The festival runs through February 22, and also includes the song cycle Ayre, the oratoria La Pasi‹n Seg‹n San Marcos, and the chamber works Yiddishbbuk and The Dreams and Prayers of Isaac the Blind.
Ainadamar, which has a libretto by playwright David Henry Hwang, depicts the final days of poet and playwright Federico Garc‹a Lorca, as seen by actress Margarita Xirgu. Soprano Dawn Upshaw sings the lead role of Xirgu, reprising the role she created at Tanglewood in 2003 and sang at Santa Fe Opera last year; mezzo-soprano Kelley O'Connor is Garc‹a Lorca. Peter Sellars directs; Miguel Harth-Bedoya conducts. The opera, which is staged at Jazz at Lincoln Center's Rose Theater, returns on January 24 and 26.
Upshaw, a frequent collaborator of Golijov's, also appears with the Kronos Quartet in a performance of Ayre at the Rose Theater on February 4. Based on 15th-century Spanish folk songs, the cycle makes use of texts and musical styles from the Christian, Jewish, and Arab traditions.
"Osvaldo has really expanded my vocal palette," Upshaw told Playbill last year. "He has brought out sounds I hadn't ever imagined coming out of my throat."
On February 8, the St. Lawrence String Quartet, with clarinetist Todd Palmer and cellist David Finckel, plays Yiddishbbuk and The Dreams and Prayers of Isaac the Blind at Alice Tully Hall. The program also includes Schubert's String Quintet in C major, a work that has influenced Golijov.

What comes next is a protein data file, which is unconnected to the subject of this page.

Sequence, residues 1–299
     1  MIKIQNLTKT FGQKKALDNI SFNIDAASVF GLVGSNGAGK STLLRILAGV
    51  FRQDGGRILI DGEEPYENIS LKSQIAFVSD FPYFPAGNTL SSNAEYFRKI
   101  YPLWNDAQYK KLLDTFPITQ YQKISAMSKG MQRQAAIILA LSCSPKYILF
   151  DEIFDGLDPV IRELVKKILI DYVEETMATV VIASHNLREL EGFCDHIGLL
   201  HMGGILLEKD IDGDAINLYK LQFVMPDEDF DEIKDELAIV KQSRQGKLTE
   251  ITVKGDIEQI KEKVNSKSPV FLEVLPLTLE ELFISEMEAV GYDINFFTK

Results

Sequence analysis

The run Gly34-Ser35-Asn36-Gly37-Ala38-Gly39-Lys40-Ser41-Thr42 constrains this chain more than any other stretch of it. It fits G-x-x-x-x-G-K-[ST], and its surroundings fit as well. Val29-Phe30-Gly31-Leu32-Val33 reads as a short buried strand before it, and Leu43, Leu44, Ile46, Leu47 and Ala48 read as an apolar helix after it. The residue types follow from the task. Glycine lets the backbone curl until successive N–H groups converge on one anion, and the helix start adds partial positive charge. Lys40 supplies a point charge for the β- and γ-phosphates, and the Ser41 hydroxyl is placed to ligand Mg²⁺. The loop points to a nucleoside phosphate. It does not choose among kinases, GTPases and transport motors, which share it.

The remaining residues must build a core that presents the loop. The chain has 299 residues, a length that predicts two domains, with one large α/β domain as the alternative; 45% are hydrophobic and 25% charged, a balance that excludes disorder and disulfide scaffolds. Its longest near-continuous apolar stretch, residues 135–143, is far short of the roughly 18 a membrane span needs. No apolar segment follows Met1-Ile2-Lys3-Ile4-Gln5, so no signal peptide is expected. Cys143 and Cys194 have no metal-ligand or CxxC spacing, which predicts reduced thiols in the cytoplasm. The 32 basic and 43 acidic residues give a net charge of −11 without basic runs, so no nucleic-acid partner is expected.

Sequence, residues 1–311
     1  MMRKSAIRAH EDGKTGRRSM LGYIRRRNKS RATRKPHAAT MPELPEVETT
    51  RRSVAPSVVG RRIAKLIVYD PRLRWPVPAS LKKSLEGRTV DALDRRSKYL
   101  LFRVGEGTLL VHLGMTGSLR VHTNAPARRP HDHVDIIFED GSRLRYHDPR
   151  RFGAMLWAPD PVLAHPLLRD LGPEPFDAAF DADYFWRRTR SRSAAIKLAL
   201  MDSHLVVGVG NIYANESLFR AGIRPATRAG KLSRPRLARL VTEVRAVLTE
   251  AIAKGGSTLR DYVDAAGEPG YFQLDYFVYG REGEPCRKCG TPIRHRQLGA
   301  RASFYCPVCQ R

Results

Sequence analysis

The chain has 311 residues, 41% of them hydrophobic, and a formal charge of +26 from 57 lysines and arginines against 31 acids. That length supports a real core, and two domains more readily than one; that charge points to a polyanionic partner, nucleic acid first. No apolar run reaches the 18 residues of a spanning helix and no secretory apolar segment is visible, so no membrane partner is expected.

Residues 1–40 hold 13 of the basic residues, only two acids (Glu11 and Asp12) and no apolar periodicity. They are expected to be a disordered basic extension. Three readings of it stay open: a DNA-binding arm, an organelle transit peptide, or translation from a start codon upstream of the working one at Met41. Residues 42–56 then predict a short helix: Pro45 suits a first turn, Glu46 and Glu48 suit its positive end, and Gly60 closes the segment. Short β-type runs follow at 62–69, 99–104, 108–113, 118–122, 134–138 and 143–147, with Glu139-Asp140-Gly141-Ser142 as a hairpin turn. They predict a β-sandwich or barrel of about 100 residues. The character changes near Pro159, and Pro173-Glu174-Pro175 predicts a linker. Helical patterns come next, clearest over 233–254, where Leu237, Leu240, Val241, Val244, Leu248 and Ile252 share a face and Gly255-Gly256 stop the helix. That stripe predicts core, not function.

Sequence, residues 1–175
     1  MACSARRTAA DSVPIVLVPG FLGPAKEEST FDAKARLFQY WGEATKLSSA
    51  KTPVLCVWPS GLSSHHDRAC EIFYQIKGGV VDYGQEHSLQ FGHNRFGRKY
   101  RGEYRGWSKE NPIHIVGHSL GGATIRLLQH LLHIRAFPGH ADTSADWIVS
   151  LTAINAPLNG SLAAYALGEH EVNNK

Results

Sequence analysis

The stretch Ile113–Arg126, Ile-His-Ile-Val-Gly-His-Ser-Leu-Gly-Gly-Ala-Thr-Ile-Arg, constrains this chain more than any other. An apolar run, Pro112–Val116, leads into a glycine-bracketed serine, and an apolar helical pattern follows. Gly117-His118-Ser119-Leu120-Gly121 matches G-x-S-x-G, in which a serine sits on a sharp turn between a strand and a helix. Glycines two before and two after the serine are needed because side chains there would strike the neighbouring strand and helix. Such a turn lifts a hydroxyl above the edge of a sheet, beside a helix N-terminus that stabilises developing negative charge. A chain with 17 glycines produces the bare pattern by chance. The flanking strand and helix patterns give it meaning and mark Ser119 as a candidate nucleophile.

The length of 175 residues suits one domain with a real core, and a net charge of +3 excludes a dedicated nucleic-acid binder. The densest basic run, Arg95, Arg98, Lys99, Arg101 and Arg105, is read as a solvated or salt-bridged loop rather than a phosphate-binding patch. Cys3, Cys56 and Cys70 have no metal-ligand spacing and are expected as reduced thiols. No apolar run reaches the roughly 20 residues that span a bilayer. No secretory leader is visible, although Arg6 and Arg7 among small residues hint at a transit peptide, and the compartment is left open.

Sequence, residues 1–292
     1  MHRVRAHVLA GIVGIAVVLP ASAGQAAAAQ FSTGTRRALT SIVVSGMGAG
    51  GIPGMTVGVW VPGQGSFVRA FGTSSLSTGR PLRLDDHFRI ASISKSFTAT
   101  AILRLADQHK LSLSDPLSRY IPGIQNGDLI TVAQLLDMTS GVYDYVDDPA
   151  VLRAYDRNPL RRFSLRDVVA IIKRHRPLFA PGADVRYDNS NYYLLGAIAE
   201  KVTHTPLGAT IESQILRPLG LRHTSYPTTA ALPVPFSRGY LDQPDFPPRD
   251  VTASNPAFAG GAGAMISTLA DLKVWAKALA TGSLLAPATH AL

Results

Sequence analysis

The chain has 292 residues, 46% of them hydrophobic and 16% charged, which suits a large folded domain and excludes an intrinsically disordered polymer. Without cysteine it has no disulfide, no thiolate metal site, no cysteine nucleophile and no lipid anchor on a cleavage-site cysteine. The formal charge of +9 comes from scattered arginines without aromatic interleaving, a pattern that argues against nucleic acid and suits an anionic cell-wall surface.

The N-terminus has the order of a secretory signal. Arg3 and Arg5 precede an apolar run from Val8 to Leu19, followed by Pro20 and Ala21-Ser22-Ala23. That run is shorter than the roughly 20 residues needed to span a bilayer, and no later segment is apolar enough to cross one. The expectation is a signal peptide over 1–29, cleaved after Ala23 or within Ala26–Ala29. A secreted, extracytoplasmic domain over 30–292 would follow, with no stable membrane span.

Finally, conductor Robert Spano leads the Atlanta Symphony, the Schola Cantorum de Caracas, and other musicians in La Pasi‹n Seg‹n San Marcos (The Passion According to St. Mark), the cross-cultural tour de force that thrust Golijov to prominence in 2000. Performances take place at the Rose Theater on February 20 and 21.
Other events include a series of performances in JALC's Allen Room of tango and klezmer music, which are part of Golijov's broad stylistic palette. A discussion of film music with Golijov and Gustavo Santaolalla at the Walter Reade Theatre closes the festival on February 22.
"I modulate between cultures," Golijov said. "I use cultures and identities, and musical symbols of those identities, the same way that other composers might use tonal areas, modulating between key signatures."
For more information, visit www.lincolncenter.org.